Author: Tejinder Singh
8 December 2008 - Issue : 811
A fter addressing an overflowing house of European Parliament December 4, the Dalai Lama, the Tibetan spiritual leader, appeared at a joint press conference with Hans-Gert Poettering, the President of the only directly elected European institution, the European Parliament. Wit, humour, serenity and positive vibes were present in the packed environs of the Anna Politkovskaya European Parliament press room, named after the slain Russian journalist, as the Dalai Lama was at ease with international journalists.
Answering a question about economic crisis, the spiritual leader explained the ongoing market crisis around the world. Saying, “Market itself is a creation of human beings,” the Buddhist leader asked, “What is the real cause of this sort of economic crisis?” Citing answers from his business friends, the Dalai Lama told journalists: “Too much speculation and ultimately greed,” adding, “The pot - ential to help is: reduce greed and (increase) self-discipline. “Economic crisis is something urgent so it will be helpful to reduce some other conflict (that are going on) in the name of faith and nationality.”
Going down memory lane, the Dalai Lama listed the Khmer Rouge genocide in Cambodia, and Burma and North Korea as some of the instances that could not have happened or are still happening without China nodding its approval. Citing the “uncomfortable people of Hong Kong,” “reunification of Taiwan,” and the separatist factions in the southwestern Chinese province of Xinjiang as areas where such a moral authority should be displayed, the Buddhist leader insisted he only wants meaningful autonomy for Tibet under Chinese rule.
The leader from Tibet told journalists, “actually the whole world knows we are not separatists and also many Chinese writers and thinkers and many Chinese students if they have the opportunity to know the reality really support it and are in fact very critical of their government policy. “If Chinese government still accuse us of being splitists, we ourselves are confused. We are not ‘splittists,’ but the Chinese government still accuses us of being ‘splittists,’” he said.
China cancelled the annual EU-China Summit slated for December 1 when French President Nicolas Sarkozy announced he would meet the Dalai Lama in Poland. Sarkozy also represents the EU Presidency as France holds the rotating EU Presidency till the end of the year before handing it over to the Czech Republic for next six months.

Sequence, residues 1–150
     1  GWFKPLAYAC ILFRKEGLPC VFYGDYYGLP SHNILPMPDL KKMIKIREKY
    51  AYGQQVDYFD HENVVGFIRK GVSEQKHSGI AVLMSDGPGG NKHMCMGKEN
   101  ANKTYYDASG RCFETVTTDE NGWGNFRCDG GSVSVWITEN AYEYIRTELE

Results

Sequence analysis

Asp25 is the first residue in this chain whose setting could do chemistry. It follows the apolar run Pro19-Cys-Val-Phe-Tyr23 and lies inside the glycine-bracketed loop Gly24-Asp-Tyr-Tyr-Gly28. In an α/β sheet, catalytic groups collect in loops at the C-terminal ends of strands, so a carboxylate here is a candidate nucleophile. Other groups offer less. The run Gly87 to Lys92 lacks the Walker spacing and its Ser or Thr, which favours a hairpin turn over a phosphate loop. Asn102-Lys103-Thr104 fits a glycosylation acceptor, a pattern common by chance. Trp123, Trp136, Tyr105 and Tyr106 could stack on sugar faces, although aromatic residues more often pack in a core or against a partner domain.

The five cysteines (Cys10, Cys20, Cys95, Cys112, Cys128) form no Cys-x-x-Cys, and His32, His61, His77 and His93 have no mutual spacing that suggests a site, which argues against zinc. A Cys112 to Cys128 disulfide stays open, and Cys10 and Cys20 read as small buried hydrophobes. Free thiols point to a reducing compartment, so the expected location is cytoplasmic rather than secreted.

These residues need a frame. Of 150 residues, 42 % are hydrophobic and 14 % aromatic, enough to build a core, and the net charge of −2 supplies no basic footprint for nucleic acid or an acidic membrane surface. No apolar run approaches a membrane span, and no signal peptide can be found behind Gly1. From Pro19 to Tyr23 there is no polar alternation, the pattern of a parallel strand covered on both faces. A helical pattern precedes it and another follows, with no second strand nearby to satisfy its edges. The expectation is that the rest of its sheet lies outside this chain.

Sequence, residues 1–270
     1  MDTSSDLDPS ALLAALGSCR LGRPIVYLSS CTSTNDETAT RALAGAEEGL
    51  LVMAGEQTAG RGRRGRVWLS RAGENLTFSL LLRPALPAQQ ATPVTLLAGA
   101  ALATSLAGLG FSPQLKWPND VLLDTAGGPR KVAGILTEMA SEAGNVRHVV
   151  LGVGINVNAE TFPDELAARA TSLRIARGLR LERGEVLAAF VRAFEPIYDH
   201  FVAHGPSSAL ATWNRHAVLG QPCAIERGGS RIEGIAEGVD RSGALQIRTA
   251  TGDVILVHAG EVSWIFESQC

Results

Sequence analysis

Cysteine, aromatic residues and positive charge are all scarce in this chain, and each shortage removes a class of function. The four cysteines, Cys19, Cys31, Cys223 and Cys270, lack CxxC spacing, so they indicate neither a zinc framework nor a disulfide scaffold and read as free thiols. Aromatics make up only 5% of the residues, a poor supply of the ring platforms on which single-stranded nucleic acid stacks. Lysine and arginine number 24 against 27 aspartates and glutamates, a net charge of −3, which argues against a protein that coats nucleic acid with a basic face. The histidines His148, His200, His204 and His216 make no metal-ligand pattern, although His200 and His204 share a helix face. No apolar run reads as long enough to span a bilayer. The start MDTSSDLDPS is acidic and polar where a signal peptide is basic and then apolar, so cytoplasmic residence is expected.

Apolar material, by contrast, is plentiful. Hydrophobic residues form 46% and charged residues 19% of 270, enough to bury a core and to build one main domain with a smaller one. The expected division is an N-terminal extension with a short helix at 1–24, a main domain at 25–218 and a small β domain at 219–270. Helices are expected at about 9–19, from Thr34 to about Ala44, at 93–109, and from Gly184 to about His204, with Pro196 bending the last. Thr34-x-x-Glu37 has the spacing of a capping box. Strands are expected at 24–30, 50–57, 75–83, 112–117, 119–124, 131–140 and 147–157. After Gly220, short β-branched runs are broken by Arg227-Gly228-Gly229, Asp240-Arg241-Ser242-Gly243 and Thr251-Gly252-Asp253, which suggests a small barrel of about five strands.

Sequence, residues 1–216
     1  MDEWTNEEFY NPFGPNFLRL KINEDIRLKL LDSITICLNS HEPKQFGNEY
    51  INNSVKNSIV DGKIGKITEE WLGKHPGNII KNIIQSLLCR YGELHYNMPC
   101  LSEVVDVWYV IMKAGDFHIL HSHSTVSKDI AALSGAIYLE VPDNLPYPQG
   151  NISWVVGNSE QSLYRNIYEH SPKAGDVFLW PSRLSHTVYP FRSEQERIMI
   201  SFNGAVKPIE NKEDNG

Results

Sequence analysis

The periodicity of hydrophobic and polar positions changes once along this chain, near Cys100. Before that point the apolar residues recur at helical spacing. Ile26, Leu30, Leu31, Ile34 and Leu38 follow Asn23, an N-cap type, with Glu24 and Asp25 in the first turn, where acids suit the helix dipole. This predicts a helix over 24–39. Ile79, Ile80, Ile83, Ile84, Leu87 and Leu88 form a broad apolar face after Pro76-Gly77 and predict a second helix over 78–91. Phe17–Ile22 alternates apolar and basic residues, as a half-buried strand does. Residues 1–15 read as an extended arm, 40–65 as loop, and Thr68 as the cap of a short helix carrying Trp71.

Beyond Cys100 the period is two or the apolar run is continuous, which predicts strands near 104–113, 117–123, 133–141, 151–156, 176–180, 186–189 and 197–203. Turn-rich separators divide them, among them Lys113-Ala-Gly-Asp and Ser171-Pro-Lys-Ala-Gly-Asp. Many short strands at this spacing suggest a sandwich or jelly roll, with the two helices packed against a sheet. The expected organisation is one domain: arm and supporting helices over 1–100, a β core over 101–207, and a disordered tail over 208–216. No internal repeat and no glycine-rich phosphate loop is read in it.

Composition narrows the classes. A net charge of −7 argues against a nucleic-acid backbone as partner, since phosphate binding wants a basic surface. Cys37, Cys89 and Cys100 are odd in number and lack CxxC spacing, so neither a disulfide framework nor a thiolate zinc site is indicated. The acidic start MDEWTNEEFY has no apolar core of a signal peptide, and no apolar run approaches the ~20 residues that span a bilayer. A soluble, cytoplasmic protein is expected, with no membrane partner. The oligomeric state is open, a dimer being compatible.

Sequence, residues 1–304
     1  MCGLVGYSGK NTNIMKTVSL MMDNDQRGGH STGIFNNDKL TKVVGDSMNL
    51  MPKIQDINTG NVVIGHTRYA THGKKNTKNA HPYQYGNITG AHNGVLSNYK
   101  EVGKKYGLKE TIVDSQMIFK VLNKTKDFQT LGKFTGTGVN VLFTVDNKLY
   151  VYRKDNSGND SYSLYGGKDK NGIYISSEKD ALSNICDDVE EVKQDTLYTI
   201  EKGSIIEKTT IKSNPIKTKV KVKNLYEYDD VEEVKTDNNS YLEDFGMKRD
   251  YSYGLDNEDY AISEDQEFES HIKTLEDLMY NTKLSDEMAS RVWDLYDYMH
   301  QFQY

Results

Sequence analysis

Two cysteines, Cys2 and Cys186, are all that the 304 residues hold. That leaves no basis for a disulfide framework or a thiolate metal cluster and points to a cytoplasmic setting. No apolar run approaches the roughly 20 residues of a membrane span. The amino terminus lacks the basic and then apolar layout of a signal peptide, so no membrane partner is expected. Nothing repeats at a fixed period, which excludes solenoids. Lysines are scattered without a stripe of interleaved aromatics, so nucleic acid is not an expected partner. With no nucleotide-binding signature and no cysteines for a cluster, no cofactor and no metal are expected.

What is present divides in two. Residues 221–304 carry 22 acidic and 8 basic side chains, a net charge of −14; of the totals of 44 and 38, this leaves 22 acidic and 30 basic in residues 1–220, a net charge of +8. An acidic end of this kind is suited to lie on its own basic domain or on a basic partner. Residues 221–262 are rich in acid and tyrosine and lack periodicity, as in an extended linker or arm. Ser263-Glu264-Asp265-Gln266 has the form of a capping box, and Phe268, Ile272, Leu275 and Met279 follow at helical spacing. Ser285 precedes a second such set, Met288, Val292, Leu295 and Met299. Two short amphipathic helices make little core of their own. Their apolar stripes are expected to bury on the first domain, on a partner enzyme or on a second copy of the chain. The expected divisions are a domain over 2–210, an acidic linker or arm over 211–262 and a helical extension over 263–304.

When asked to comment on his meeting with Sarkozy, the Dalai Lama, with a cheerful smile said, “I have met the wife (Mrs. Sarkozy) and will be meeting the husband.” Praising the Chinese people for their diligence and perseverance and citing “manpower, economic and military power” as positive desired contributors for China to becomes “a superpower,” the Dalai Lama pointed out, “Now one important factor is moral authority and that is lacking. “Because of its very poor record on human rights and religious freedom and freedom of expression and freedom of the press — too much censorship — the image of China in the field of moral authority is very, very poor,” he said.
“The sensible Chinese realise China should now give more attention to this field to get more respectability in world affairs,” the Nobel peace laureate said, adding, “My faith in Chinese people has never shaken,” while the top echelons of Chinese leadership is divided into hard liners and soft approach advocates.
The Dalai Lama called the Chinese regime a “capitalist totalitarian regime,” and urged the importance of trust and transparency telling journalists, “trust is the key factor and for that transparency (is) really very much needed.” Calling upon the Chinese authorities to “adjust to new reality,” the Buddhist leader suggested that the Chinese authorities also can change to fit into the changing world scenario. Earlier, he addressed the European Parliament during his second day in the Belgian capital, where he was greeted by loud applause and Tibetan flags.
President Poettering, assured that the parliament would “continue to defend the rights of the Tibetan people to their cultural and religious identity.” He called on Chinese leaders to hold meaningful talks with representatives of the exiled Dalai Lama, who lives in exile in India, and has sought “meaningful autonomy” for Tibet since he had to leave his homeland following a failed uprising in 1959 against Chinese rule, nine years after Chinese troops invaded the region. Ruled by China since the 18th Century, Tibet became independent in 1911, but the new Communist regime in China reasserted control in 1951, and installed a Communist government in 1953.
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